Scientists Reveal How Lung Cancer Cancer Cells Avoid Death from Targeted Drugs

Perhaps the biggest challenge in precision cancer therapy is tumors’ nasty habit of rebounding after an initial attack with targeted drugs has shrunk them almost out of existence. Instead of vanishing completely, curing the patient, the tumors leave behind a small cadre of cells that slumber in a dormant state, only to return in a … Continued

For Families Facing Malignant Rhabdoid Tumors, Reasons to Hope

Watching her deftly maneuver a playground with a huge smile on her face makes it hard to imagine that Anabella Trillo, 3, once faced challenges far greater than a jungle gym. In fact, she has already endured surgery, radiation, chemotherapy, and a stem cell transplant for one of the most aggressive pediatric cancers: a malignant … Continued

A Big Step Toward Curbing Graft-vs.-Host Disease After Bone Marrow Transplant

This post originally appeared on Discoveries, the blog of Boston Children’s Hospital. A drug used for rheumatoid arthritis has moved a step closer to U.S. Food and Drug Administration (FDA) approval for a desperately needed new use. The drug, abatacept, has gained FDA breakthrough therapy designation for preventing acute, severe graft-versus-host disease (GVHD) in patients receiving bone … Continued

New Studies Show Promise in Treatment of NUT Carcinoma

Medically reviewed by Geoffrey Shapiro, MD, PhD, and Christopher French, MD Although it is one of the most aggressive solid tumors in humans, NUT carcinoma responds better to treatment in some patients than others. But because it is rare — with only 20 to 30 cases diagnosed annually in the United States — doctors have … Continued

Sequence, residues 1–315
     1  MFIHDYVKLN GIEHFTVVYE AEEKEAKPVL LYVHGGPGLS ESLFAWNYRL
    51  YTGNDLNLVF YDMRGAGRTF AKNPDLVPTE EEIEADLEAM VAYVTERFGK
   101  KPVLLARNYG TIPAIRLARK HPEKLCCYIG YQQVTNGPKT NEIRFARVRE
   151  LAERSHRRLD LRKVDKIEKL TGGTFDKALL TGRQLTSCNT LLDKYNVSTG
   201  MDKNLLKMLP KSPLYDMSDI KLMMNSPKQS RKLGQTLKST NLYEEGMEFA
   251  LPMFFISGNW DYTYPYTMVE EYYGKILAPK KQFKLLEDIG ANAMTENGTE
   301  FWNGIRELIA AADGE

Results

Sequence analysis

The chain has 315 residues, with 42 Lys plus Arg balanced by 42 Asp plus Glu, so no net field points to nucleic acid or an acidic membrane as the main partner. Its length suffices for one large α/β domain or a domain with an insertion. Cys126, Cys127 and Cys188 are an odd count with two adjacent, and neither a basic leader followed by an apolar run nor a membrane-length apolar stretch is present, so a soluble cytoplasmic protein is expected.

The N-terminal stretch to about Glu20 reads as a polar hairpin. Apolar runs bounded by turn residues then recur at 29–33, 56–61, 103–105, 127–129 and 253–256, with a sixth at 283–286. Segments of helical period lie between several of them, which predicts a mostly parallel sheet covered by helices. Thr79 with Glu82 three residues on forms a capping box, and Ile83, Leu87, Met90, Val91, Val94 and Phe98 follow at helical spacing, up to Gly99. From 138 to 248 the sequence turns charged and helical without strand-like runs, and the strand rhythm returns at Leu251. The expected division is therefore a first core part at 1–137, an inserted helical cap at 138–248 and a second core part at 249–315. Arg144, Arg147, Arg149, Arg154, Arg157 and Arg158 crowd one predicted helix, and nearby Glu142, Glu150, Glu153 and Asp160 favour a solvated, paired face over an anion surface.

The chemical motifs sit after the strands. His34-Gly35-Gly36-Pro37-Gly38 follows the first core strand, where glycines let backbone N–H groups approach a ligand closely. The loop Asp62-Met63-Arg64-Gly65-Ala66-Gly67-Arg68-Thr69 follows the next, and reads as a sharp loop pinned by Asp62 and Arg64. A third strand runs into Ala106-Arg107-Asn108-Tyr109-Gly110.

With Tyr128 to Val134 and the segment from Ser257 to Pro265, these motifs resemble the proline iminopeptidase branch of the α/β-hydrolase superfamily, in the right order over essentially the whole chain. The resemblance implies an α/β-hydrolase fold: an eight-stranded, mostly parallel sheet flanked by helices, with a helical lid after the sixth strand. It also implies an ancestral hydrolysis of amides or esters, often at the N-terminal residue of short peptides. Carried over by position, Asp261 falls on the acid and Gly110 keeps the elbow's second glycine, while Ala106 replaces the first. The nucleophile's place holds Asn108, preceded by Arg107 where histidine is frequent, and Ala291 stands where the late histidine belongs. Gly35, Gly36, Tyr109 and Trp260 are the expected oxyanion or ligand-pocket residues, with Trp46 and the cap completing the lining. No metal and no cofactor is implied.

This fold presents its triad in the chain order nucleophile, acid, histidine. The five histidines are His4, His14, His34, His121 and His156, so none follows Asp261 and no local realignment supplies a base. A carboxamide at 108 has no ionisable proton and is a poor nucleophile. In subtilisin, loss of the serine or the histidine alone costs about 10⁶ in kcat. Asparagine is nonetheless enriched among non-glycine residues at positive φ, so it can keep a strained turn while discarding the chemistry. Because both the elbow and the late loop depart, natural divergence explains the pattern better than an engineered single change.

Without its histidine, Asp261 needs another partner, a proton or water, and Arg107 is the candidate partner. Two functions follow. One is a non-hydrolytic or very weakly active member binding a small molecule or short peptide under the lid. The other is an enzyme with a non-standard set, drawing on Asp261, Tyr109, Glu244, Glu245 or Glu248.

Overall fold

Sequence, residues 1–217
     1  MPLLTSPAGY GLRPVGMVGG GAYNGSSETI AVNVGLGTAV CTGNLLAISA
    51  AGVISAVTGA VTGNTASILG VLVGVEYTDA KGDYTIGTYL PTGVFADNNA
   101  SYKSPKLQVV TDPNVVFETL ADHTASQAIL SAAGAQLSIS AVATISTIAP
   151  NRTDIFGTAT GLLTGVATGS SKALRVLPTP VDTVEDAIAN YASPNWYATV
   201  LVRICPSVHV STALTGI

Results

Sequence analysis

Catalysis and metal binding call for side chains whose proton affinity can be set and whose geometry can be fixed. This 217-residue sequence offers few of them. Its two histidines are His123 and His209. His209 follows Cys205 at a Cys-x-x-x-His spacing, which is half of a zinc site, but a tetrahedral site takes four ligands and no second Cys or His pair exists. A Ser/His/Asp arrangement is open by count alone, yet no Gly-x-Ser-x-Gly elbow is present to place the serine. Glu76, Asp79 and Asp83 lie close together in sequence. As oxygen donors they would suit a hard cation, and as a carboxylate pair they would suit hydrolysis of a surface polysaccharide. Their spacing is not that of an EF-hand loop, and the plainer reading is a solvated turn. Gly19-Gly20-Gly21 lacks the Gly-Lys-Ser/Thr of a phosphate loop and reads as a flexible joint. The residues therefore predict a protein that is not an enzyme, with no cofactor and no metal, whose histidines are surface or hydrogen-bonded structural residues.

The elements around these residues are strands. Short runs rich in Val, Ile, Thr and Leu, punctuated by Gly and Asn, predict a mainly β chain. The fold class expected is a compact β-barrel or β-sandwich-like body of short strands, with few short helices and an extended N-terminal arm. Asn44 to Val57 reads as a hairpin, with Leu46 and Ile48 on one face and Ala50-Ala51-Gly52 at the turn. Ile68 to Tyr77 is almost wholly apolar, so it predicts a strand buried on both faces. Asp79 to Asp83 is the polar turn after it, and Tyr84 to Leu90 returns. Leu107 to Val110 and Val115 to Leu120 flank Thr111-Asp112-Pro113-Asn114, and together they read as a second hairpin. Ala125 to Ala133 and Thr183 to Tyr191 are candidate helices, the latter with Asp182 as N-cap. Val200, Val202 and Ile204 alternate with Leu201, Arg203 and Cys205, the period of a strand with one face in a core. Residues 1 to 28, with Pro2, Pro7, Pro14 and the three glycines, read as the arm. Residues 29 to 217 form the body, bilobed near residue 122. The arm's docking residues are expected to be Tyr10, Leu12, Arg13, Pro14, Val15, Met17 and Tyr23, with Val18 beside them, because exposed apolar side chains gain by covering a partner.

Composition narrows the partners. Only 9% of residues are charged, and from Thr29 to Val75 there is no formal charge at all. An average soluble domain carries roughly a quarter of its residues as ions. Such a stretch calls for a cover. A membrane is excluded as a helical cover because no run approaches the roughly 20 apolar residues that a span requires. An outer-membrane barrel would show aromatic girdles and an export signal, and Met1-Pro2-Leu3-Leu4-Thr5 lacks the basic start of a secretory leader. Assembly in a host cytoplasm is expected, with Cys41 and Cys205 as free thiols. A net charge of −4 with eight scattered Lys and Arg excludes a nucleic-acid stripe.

What is Mantle Cell Lymphoma and How Is It Treated?

Medically reviewed by Ann S. LaCasce, MD, MMSc Mantle cell lymphoma is a rare, often aggressive form of non-Hodgkin lymphoma (NHL), a cancer that involves white blood cells known as lymphocytes, which help protect the body from disease. It is named for its origins in the mantle zone — a ring of cells within the … Continued

Scientists Capture Revealing Images of Molecular Cancer Switch

Medically reviewed by Michael J. Eck, MD, PhD Scientists have captured the most complete picture yet of a key molecular switch that is sometimes jammed in the “on” position in cancers. With the aid of recent advances in a tool known as cryo-electron microscopy, which can obtain crisp 3D images of large biological molecules, Dana-Farber … Continued

What is a Tumor, Exactly?

Medically reviewed by Robert I. Haddad, MD Strictly speaking, a tumor is an abnormal swelling or enlargement within the body, but the term most commonly refers to a growth of cancerous cells. In the broadest sense, then, a harmless cyst or collection of fluid would be considered a tumor. But when a physician uses the … Continued

Multiple Myeloma Fails to Keep Football Player-Turned-Broadcaster Out of Action

Many sports stars have helped support research and care at Dana-Farber by appearing on the WEEI/NESN Jimmy Fund Radio-Telethon presented by Arbella Insurance Foundation, but few have done so quite like pro football wide receiver-turned-broadcaster Jimmy Cefalo. When Cefalo was interviewed on-air during the August 2019 event at Fenway Park, he used the opportunity to share some … Continued